ClientsFirst are based in serviced offices, which means that we don’t have overall control of the decor around the building; the corridors, toilets, stairs and such. Nevertheless, in a bid to sharpen the place up a bit, we’ve just finished working with our landlords to have the toilets renovated.
Bear with me, I promise this blog is going somewhere…
A few months ago we came across this piece called 'Your brand is a toilet' by a fellow agency.
The logic in the article is perfectly sound and in fact reflects an analogy we use often to do with cars.
Your website and your branding is like a car (or in the above case, a toilet). If you are a professional services organisation then your website might not directly win you business (nor your toilet, nor your car). But it does directly contribute to how you are perceived by your staff, clients and prospects. Let’s say you win a new client but when he comes to meet you, you pick him up in an old MG Metro. The impression you create, even if the new client likes every other part of your service, is likely to be a poor one.
It’s the same with your branding, your website and yes, your toilet. On their own, a poor one of any of those things is unlikely to win or lose you business. But they will impact how you’re perceived.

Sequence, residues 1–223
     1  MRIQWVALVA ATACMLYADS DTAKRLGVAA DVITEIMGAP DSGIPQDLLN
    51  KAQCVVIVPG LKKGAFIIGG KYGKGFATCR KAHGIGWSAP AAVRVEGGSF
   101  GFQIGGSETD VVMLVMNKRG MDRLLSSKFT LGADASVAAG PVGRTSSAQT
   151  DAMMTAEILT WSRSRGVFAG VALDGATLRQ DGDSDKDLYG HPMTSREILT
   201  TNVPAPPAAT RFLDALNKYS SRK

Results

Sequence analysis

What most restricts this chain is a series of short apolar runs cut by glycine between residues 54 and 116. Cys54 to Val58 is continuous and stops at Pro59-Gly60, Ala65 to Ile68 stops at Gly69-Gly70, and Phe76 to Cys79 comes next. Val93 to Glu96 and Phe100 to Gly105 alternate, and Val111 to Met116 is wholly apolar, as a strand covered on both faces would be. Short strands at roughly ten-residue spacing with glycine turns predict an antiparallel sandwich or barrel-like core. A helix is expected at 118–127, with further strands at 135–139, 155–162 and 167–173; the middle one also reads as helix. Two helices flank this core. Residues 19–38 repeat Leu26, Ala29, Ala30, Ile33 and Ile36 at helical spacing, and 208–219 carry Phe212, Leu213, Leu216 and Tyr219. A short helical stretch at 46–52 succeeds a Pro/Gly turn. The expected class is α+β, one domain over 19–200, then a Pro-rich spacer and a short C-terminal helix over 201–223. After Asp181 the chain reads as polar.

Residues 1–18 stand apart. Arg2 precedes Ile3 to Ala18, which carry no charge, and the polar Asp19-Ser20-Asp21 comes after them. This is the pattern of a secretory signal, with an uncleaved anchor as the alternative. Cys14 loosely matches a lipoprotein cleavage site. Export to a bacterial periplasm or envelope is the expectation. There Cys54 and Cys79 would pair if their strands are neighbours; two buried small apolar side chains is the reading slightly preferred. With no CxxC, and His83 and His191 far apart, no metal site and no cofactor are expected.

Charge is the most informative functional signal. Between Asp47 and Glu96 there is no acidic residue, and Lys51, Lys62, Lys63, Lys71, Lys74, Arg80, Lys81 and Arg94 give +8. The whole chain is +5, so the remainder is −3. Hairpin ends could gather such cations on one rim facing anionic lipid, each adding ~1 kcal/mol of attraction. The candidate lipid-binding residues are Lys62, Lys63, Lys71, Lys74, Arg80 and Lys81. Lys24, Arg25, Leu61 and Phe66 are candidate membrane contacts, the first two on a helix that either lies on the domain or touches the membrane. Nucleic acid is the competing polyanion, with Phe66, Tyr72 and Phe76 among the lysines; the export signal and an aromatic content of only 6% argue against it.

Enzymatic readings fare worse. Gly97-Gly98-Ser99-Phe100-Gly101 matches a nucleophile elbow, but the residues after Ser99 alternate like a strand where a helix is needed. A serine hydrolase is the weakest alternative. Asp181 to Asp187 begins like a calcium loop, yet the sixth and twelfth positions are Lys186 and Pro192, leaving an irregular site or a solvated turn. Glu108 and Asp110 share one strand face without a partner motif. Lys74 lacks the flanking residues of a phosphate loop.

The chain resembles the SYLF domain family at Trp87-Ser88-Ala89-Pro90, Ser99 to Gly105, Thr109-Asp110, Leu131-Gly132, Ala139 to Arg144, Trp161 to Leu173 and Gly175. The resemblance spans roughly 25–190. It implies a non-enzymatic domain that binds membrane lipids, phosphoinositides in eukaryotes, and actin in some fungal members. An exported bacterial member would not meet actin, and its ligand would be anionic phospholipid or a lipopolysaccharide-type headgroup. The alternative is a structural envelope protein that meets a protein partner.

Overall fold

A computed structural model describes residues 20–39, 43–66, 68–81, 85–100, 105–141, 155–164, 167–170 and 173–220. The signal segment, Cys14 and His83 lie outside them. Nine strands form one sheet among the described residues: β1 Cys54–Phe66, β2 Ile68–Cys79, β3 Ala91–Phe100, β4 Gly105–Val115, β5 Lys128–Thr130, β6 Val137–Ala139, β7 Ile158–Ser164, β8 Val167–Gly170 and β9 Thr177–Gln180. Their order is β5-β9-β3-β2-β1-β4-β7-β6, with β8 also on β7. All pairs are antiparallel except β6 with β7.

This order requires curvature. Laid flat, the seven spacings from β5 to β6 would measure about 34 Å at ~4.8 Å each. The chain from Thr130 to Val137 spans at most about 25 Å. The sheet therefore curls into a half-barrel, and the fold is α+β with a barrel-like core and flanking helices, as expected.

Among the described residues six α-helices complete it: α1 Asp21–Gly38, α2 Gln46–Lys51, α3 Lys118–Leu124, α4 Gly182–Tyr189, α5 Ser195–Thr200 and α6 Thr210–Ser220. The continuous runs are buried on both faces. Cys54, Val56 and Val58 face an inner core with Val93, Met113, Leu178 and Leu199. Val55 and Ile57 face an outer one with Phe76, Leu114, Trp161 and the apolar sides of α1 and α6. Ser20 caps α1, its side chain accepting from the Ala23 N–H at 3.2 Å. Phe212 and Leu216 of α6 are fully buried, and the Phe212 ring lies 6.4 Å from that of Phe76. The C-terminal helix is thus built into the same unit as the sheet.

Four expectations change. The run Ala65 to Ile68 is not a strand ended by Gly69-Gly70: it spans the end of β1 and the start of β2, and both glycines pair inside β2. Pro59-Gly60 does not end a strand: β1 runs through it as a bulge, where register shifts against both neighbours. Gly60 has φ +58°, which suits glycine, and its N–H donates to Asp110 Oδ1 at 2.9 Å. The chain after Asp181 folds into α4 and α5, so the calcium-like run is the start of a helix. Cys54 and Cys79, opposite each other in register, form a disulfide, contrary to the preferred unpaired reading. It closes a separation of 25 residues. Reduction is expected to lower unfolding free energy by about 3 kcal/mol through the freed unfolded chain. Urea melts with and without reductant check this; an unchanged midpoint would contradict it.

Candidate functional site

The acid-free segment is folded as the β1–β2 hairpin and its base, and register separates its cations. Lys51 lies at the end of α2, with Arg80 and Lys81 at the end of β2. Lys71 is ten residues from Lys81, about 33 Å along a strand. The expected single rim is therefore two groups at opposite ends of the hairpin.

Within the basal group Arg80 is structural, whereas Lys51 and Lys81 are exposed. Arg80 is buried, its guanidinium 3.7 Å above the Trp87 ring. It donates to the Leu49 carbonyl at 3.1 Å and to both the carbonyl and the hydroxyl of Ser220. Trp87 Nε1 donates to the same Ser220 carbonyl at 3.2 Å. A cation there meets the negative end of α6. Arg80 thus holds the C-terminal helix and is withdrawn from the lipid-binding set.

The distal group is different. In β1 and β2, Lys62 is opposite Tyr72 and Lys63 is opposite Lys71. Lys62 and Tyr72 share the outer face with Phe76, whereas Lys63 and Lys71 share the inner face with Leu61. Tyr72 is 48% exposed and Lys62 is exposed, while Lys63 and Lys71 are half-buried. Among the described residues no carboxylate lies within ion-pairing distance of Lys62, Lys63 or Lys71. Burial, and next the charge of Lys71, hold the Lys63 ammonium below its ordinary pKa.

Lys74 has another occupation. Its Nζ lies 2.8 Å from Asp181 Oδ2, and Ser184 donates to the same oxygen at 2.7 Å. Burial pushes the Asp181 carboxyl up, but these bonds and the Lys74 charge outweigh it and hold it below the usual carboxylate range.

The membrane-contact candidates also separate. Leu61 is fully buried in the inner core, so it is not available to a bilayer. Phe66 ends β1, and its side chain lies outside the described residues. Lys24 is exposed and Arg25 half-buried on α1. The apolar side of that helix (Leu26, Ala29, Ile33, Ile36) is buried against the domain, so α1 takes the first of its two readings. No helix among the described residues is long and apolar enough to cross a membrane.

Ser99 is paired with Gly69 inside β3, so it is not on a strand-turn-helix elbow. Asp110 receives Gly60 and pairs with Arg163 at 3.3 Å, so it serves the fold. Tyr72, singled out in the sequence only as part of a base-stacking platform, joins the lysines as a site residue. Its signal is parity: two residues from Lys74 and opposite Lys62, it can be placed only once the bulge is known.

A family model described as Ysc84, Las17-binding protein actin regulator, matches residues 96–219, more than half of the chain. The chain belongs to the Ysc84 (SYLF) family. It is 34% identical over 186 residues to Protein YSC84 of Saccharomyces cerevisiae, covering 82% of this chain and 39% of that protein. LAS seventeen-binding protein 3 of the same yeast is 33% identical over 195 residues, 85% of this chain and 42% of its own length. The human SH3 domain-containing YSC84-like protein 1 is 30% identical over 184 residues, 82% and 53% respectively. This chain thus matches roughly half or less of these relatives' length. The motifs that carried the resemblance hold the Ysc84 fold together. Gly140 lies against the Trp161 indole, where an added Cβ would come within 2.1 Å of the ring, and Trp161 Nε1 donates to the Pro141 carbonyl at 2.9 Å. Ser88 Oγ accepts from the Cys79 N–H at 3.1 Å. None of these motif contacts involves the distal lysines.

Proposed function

And that can lose you business.
This is something we talk about as the ‘yes, but…’ factor.
The ‘yes, but…’ factor refers to the things that hold you back. Let’s say you’re a firm of architects. You’ve got a great portfolio, but because you’re a really busy architectural firm, you’re based in crummy offices, say, the old house of the MD. When people recommend you they say things like ‘yes, they’re absolutely great, their designs are amazing, but their own offices are quite poor, just ignore them’, or ‘yes, I’d recommend them, but try to ignore the design of their own office, I don’t think it was done by them’.
‘Yes, but…’ can lose you business. The more ‘yes, buts…’ you have (like your car, your brand, your website, your toilets), the more chance you have that the perception of your firm is negatively altered and a client, prospect or staff member makes the decision to walk away.
With that in mind, and as you think about your marketing priorities for this year, try to make 2016 the year you tackle some of your ‘buts’. The more you can eliminate, the greater the appeal of your brand and your firm and the less chance you lose out.
We’re even taking our own medicine here. Just come and take a look at our toilets!
By Sam Turner. Sam is ClientsFirst's Online Marketing Strategist and writes here on topics including; inbound and content marketing, social media, design and e-marketing. He likes all of those things as well as travel, golf and frequent cups of tea. You can find him on Google+, Twitter & LinkedIn.